Laws affecting smoking in company cars explained

    18 Dec 2006

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    Companies face fines of up to £2,500 for failing to enforce anti-smoking laws which come into effect on 1 July 2007.

    All enclosed public places and work places in England will become smoke-free from that day - including company cars, pool and hire cars - under the 2006 Health Act.

    The legislation will make it an offence for those who control or manage smoke-free premises to fail to stop people smoking in them. No smoking signs will have to be displayed.

    Q: Will the regulations include all company vehicles?

    A: Where a vehicle is used as a workplace by more than one person, regardless of whether they are in the vehicle at the same time, it will be required to be smoke-free at all times. This is meant to protect people who use the vehicle from second-hand smoke, regardless of when they use the vehicle. Drivers of convertible cars will be exempt as long as the roof is down when they or their passengers are smoking.

    Smoking will be allowed in vehicles that are for the sole use of the driver and are not used by anyone else, either as a driver or passenger.

    Q: Some of my drivers share a company vehicle with one other person. They both smoke. Can they continue to smoke?

    A: This legislation has been developed to protect both smokers and non-smokers from second-hand smoke. As the vehicle is part of the workplace it falls within the legislation and is required to be smoke-free.

    Q: Can I smoke in my privately owned vehicle?

    A: Yes, the regulations do not extend to vehicles used for private purposes.

    Under the Act employers, managers and those in charge of smoke-free premises and vehicles will need to identify all areas where smoking will constitute an offence and display 'no smoking' signs, take reasonable steps to ensure that staff, customers/members and visitors are aware that premises and vehicles are legally required to be smoke-free ensure that no one smokes in smoke-free premises or vehicles - this may involve altering the staff handbook, invoking disciplinary procedures and ejecting visitors from the premises if the policy is breached.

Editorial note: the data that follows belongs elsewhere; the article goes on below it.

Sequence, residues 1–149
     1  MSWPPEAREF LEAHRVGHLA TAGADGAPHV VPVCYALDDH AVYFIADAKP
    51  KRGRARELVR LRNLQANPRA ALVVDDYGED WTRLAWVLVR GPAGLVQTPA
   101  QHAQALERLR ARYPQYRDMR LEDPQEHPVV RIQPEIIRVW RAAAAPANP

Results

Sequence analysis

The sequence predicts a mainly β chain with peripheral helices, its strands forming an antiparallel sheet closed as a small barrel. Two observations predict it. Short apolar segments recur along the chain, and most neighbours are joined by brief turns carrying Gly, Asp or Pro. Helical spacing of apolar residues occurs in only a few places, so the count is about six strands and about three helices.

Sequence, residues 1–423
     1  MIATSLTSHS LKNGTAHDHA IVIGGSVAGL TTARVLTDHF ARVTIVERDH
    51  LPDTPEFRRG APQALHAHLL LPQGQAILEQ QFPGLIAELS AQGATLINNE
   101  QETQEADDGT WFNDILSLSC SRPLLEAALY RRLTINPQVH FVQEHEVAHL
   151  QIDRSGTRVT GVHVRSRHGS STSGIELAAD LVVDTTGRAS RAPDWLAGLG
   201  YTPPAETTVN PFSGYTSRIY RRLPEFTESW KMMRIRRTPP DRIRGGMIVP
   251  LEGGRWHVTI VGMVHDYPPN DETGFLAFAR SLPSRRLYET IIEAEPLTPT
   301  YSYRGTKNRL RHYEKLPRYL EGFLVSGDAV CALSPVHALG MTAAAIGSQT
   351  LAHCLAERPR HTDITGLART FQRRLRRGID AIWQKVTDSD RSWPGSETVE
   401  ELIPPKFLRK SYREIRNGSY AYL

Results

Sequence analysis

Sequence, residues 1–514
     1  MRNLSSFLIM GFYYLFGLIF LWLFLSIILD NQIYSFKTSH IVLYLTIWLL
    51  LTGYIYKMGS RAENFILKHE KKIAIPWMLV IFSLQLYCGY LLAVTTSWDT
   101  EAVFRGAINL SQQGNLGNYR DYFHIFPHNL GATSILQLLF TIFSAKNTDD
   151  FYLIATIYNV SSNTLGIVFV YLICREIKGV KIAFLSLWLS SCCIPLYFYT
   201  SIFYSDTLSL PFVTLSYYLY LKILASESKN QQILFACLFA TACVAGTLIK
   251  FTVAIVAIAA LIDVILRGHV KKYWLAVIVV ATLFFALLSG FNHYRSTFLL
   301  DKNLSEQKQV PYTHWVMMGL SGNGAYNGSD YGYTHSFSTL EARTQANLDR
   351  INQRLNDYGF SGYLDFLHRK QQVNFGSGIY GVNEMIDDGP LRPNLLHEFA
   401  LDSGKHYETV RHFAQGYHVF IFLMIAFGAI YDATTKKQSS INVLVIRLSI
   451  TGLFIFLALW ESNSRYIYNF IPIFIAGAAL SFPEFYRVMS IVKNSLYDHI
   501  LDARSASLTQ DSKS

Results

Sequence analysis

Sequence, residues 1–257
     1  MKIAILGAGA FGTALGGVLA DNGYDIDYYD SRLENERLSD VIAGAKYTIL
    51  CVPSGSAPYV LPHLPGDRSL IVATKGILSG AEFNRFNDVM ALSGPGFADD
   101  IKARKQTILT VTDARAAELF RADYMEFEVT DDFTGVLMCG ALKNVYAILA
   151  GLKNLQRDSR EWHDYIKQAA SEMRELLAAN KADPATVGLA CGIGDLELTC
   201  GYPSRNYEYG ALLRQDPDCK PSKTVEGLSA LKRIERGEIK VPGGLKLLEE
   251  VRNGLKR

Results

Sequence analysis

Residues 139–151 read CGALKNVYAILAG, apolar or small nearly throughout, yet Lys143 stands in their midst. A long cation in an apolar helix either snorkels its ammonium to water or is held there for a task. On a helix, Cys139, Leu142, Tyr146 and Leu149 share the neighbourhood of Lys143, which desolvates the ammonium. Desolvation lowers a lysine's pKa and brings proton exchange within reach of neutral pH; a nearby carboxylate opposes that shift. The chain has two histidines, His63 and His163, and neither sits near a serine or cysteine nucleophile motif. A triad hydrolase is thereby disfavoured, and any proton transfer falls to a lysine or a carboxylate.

The Government has proposed that local authorities will enforce smoke-free legislation. Although the Government acknowledges this legislation will be largely self-enforcing.

    Q: What are the proposed penalty amounts?

    • Smoking in a smoke-free premises or vehicle: a fixed penalty notice of £50 or a fine up to £200.
    • Failure to display no smoking signs in smoke-free premises and vehicles as required by smoke-free legislation: a fixed penalty notice of £200 or a fine up to £1,000.
    • Failing to prevent smoking in a smoke-free premises or vehicle: a fine up to £2,500.

    There will also be a 0800 telephone number for you to report smoking offences.

    Enforcement officers will be working with businesses in the lead up to implementation in order to build understanding of the requirements of the legislation and will be on-duty to ensure compliance is maintained once the legislation comes into force next summer.

    Workplace Law’s Driving at Work 2007: Law and Practice Special Report can help you understand the law surrounding, and your obligations regarding, driving at work. Written by experts in the field, the special report is packed with extensive, up-to-date, high-level research and provides a unique insight into practical measures required to comply with the law. more info>>

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    This document is for general guidance and research purposes only, and does not purport to give professional advice. Please check the date at the top of the article; the International Workplace retains historic articles for general research.